After more than two decades of working in the private sector, Sara Gopalan saw firsthand the gap between what students were learning and what was needed to be successful in the cybersecurity field.

She decided to take matters into her own hands and become a teacher herself. In just a few years, she has become an integral part of the cybersecurity education community in the Inland Empire region.

Gopalan is a Career Technical Education (CTE) Teacher at Temecula Valley High School (TVHS), where she specializes in Information and Communications Technologies pathway. 

Her mother was a teacher in India and, while she didn’t initially see herself following in those footsteps, she’s glad that she did.

Gopalan started small by volunteering to teach a free course on computer fundamentals at her local library. She also became involved with CoderDojo, a worldwide network of volunteers who teach programming to children ages 7-17, and joined the CTE Advisory Committee at Temecula Valley Unified School District.

That work eventually led to an offer to become a CTE teacher. While Gopalan had decades of professional experience, she did not have teaching credentials. She found a program that allowed her to obtain them in six months and she quickly hit the ground building a three-course IT/cybersecurity pathway based on Cisco’s Network Academy curriculum.

In an effort to bridge the gap she saw between industry and education, Gopalan integrates guest speakers and soft skills like interviewing and teamwork into her classes.

“Because my course is part of career technical education, I need to connect it to what they’ll see in the workplace,” she said. “If they have to hire someone in the workplace, what are the skills they are looking for?”

Gopalan’s passion has positioned TVHS as a leader in the region and one that’s poised to become a statewide presence.

“Sara is a go-getter. She is incredibly resourceful and thorough in her work,” said Kim Randall, CTE Department Chair at TVHS. “She has brought her industry expertise to the classroom at TVHS, and we are so fortunate to have her working with students in this ICT pathway.”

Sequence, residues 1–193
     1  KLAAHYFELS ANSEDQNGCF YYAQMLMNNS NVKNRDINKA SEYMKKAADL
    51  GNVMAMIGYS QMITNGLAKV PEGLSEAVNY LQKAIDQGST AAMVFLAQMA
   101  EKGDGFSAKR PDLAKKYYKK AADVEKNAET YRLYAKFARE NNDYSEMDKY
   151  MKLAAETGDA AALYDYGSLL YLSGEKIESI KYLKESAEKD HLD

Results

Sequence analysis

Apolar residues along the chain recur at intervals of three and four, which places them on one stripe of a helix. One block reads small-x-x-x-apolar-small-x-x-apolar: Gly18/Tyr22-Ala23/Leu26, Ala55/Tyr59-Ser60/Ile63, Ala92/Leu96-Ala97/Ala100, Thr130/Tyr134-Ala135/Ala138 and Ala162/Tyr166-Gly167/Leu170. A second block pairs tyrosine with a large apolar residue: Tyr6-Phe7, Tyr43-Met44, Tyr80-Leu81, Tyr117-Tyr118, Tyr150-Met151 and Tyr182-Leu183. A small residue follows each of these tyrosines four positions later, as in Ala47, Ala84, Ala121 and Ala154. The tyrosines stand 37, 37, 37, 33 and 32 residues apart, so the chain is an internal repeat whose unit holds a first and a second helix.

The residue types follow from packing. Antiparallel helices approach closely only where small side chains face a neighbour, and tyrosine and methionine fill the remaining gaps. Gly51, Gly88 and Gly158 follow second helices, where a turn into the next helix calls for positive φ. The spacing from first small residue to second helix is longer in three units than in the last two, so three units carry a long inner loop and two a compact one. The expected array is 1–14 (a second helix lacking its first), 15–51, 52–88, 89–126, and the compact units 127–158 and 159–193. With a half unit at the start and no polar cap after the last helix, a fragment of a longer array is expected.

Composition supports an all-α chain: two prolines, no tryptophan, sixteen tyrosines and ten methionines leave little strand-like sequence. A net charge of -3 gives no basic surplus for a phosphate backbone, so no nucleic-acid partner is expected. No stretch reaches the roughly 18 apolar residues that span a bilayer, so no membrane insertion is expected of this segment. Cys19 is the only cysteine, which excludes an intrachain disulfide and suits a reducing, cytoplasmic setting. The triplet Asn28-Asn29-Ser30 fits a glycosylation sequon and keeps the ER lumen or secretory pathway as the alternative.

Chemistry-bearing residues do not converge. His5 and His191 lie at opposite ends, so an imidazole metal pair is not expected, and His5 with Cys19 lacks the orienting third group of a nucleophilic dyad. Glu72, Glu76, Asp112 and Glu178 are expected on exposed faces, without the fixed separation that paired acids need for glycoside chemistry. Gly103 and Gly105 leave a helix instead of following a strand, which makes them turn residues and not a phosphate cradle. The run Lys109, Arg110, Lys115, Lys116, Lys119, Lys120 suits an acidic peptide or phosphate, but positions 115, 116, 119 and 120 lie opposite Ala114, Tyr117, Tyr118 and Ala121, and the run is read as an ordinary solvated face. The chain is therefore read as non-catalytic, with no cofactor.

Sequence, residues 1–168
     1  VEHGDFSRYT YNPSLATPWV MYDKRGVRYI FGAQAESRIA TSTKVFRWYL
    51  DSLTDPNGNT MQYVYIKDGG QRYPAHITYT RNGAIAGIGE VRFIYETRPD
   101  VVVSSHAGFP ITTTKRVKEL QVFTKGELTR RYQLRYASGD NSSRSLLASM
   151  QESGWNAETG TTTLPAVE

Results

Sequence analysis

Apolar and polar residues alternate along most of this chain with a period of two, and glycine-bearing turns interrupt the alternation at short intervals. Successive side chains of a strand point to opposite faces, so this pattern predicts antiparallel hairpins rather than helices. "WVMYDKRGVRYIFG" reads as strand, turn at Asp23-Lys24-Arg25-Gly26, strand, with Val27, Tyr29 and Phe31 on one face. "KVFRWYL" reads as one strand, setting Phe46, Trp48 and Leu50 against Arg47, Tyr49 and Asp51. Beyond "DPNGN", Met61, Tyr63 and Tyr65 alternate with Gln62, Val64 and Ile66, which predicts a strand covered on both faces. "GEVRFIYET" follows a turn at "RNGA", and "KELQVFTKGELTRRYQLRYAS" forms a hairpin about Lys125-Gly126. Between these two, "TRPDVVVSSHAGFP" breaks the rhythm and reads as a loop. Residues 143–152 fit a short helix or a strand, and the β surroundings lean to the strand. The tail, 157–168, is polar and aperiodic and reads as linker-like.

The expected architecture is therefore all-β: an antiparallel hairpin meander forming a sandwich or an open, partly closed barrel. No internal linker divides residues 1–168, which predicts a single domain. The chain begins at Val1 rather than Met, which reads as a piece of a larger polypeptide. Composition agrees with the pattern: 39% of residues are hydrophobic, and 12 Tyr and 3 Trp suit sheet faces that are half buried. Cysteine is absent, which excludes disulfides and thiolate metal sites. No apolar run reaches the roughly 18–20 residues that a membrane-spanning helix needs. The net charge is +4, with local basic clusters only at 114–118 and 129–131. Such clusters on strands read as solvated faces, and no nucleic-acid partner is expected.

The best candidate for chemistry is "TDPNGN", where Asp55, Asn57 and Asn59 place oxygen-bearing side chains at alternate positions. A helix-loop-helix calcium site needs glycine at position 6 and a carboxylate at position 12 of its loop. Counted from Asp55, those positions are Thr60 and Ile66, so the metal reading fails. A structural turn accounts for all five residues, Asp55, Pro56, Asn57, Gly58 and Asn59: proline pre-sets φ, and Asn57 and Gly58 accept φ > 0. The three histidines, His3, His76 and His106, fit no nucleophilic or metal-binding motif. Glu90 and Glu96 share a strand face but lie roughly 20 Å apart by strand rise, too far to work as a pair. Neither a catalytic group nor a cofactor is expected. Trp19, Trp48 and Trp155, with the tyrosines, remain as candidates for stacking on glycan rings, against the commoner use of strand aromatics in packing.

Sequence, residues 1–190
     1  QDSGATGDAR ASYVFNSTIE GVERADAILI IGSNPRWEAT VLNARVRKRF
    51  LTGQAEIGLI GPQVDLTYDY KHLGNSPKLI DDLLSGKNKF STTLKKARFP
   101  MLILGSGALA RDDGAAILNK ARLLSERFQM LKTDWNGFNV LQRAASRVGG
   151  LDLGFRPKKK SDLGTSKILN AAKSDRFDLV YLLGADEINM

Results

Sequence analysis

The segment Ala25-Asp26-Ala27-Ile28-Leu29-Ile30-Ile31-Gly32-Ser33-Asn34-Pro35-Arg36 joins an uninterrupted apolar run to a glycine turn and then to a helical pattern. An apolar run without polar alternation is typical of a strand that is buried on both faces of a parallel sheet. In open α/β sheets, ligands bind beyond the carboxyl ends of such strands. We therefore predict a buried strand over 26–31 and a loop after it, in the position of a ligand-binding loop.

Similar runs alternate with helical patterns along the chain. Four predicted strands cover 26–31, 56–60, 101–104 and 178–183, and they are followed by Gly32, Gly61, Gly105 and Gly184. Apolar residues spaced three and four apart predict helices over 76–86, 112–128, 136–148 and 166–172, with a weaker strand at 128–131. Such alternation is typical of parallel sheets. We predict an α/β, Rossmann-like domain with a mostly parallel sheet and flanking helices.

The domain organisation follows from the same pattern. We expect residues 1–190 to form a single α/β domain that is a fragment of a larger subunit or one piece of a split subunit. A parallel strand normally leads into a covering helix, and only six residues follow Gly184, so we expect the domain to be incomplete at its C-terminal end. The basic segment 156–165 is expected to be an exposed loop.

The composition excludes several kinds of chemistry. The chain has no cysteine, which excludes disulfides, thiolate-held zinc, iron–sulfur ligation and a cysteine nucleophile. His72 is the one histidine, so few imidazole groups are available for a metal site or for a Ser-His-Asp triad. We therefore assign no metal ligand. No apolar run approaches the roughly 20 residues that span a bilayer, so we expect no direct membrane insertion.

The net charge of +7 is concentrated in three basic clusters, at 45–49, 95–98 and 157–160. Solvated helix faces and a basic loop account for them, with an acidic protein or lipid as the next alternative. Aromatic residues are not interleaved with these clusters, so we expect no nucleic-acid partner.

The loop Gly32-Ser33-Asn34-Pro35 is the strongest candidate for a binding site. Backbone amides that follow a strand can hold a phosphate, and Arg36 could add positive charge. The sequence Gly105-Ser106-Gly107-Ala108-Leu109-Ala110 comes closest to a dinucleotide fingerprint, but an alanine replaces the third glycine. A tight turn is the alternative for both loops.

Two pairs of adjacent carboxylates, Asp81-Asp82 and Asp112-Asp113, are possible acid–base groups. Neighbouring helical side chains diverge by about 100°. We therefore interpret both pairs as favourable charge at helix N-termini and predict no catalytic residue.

In addition to launching a new pathway, Gopalan also helped build a CyberPatriot presence at her school. She recalls meeting with California Cyberhub Community Manager Donna Woods and wanting to emulate the success she’s created at Moreno Valley High School. 

“The students I saw were so engaged the whole time, and I was so impressed by how much they had prepared ahead of time,” Gopalan said. “They had binders of notes and highlights on every page.”

Gopalan worked with Susanne Mata, ICT-DM Deputy Sector Navigator in the Inland Empire/Desert Region,  to obtain funding for what are now five CyberPatriot teams in the Temecula Valley Unified School District.

Karen Walker coaches one of those teams at Chaparral High School. She said Gopalan’s leadership and guidance made her transition into coaching very smooth.

“Sara has helped me immensely with CyberPatriot,” Walker said. “She has done most of the work researching what we needed to do and how to do it.  She also has usually been the one to fill out all the necessary paperwork for our district, both to get our teams funded and to get our buses to competitions.”

Gopalan said she’s learned a lot from Cyberhub community members like Irvin Lemus. She hopes that the Inland Empire will be able to achieve the success Lemus and his colleagues have in the Bay Area. She also hopes to collaborate with middle schools to establish strong feeder courses in ICT pathway in the Temecula Valley Unified School District.

 “It is amazing to see how much the awareness about Cybersecurity has grown in the past two years,” she said. “We’ve gained great momentum, and I want to pass it on to middle schools so students will be prepared to try these classes and activities when they get to high school.”